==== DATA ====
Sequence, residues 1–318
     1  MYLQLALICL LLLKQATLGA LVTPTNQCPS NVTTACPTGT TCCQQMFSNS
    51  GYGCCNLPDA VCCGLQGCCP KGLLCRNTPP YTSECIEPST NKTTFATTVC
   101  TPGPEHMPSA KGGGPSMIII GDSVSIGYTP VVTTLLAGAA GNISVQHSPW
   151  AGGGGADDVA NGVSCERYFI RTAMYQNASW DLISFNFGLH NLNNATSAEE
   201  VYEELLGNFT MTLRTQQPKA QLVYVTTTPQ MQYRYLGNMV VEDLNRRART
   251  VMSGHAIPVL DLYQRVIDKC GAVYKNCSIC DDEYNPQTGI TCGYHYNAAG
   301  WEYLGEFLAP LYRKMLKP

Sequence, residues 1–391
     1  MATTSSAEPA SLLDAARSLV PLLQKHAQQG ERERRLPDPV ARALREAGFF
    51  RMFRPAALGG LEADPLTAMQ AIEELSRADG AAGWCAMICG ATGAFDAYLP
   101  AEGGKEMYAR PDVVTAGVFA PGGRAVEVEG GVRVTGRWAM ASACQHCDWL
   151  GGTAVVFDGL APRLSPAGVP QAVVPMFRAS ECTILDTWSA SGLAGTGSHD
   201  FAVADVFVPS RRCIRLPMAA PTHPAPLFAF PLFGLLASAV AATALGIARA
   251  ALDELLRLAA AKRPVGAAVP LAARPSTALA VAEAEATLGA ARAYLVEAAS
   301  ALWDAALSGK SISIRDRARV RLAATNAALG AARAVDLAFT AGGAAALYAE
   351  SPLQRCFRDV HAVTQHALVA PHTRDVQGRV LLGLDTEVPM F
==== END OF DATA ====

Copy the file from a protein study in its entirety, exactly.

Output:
Sequence, residues 1–318
     1  MYLQLALICL LLLKQATLGA LVTPTNQCPS NVTTACPTGT TCCQQMFSNS
    51  GYGCCNLPDA VCCGLQGCCP KGLLCRNTPP YTSECIEPST NKTTFATTVC
   101  TPGPEHMPSA KGGGPSMIII GDSVSIGYTP VVTTLLAGAA GNISVQHSPW
   151  AGGGGADDVA NGVSCERYFI RTAMYQNASW DLISFNFGLH NLNNATSAEE
   201  VYEELLGNFT MTLRTQQPKA QLVYVTTTPQ MQYRYLGNMV VEDLNRRART
   251  VMSGHAIPVL DLYQRVIDKC GAVYKNCSIC DDEYNPQTGI TCGYHYNAAG
   301  WEYLGEFLAP LYRKMLKP

Sequence, residues 1–391
     1  MATTSSAEPA SLLDAARSLV PLLQKHAQQG ERERRLPDPV ARALREAGFF
    51  RMFRPAALGG LEADPLTAMQ AIEELSRADG AAGWCAMICG ATGAFDAYLP
   101  AEGGKEMYAR PDVVTAGVFA PGGRAVEVEG GVRVTGRWAM ASACQHCDWL
   151  GGTAVVFDGL APRLSPAGVP QAVVPMFRAS ECTILDTWSA SGLAGTGSHD
   201  FAVADVFVPS RRCIRLPMAA PTHPAPLFAF PLFGLLASAV AATALGIARA
   251  ALDELLRLAA AKRPVGAAVP LAARPSTALA VAEAEATLGA ARAYLVEAAS
   301  ALWDAALSGK SISIRDRARV RLAATNAALG AARAVDLAFT AGGAAALYAE
   351  SPLQRCFRDV HAVTQHALVA PHTRDVQGRV LLGLDTEVPM F